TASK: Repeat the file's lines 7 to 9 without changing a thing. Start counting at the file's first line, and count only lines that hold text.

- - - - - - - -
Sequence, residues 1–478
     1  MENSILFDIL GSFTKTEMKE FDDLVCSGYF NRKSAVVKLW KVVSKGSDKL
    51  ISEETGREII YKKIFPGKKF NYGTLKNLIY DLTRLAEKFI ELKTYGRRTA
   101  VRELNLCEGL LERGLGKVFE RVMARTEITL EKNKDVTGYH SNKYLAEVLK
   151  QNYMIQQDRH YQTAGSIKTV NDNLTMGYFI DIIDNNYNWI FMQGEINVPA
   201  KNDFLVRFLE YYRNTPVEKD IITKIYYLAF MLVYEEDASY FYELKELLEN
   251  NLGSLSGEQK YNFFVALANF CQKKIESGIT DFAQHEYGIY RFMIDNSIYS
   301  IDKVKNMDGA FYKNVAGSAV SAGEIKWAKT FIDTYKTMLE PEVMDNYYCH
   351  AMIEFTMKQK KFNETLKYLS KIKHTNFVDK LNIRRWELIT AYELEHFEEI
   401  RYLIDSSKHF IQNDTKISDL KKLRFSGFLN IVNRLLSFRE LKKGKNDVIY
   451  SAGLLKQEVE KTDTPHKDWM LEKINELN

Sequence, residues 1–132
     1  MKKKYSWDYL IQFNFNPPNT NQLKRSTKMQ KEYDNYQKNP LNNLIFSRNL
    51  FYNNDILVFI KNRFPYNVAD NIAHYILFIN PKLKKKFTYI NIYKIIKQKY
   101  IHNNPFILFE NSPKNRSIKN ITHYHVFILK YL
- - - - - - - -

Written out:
   251  NLGSLSGEQK YNFFVALANF CQKKIESGIT DFAQHEYGIY RFMIDNSIYS
   301  IDKVKNMDGA FYKNVAGSAV SAGEIKWAKT FIDTYKTMLE PEVMDNYYCH
   351  AMIEFTMKQK KFNETLKYLS KIKHTNFVDK LNIRRWELIT AYELEHFEEI